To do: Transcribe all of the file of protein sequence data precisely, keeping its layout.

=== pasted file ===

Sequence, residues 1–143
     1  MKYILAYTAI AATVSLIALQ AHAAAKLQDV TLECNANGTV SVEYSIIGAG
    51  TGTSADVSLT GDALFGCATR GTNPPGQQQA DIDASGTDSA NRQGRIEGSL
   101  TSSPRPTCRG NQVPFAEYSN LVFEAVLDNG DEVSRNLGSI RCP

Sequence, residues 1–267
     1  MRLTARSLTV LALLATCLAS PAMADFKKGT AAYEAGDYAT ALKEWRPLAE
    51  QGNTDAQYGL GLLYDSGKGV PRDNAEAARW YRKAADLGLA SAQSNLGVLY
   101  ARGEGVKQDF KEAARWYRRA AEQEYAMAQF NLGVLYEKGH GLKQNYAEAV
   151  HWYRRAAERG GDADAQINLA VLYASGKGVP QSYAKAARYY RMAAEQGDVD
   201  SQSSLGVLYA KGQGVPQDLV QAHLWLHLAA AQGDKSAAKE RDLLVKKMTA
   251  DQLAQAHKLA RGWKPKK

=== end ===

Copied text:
Sequence, residues 1–143
     1  MKYILAYTAI AATVSLIALQ AHAAAKLQDV TLECNANGTV SVEYSIIGAG
    51  TGTSADVSLT GDALFGCATR GTNPPGQQQA DIDASGTDSA NRQGRIEGSL
   101  TSSPRPTCRG NQVPFAEYSN LVFEAVLDNG DEVSRNLGSI RCP

Sequence, residues 1–267
     1  MRLTARSLTV LALLATCLAS PAMADFKKGT AAYEAGDYAT ALKEWRPLAE
    51  QGNTDAQYGL GLLYDSGKGV PRDNAEAARW YRKAADLGLA SAQSNLGVLY
   101  ARGEGVKQDF KEAARWYRRA AEQEYAMAQF NLGVLYEKGH GLKQNYAEAV
   151  HWYRRAAERG GDADAQINLA VLYASGKGVP QSYAKAARYY RMAAEQGDVD
   201  SQSSLGVLYA KGQGVPQDLV QAHLWLHLAA AQGDKSAAKE RDLLVKKMTA
   251  DQLAQAHKLA RGWKPKK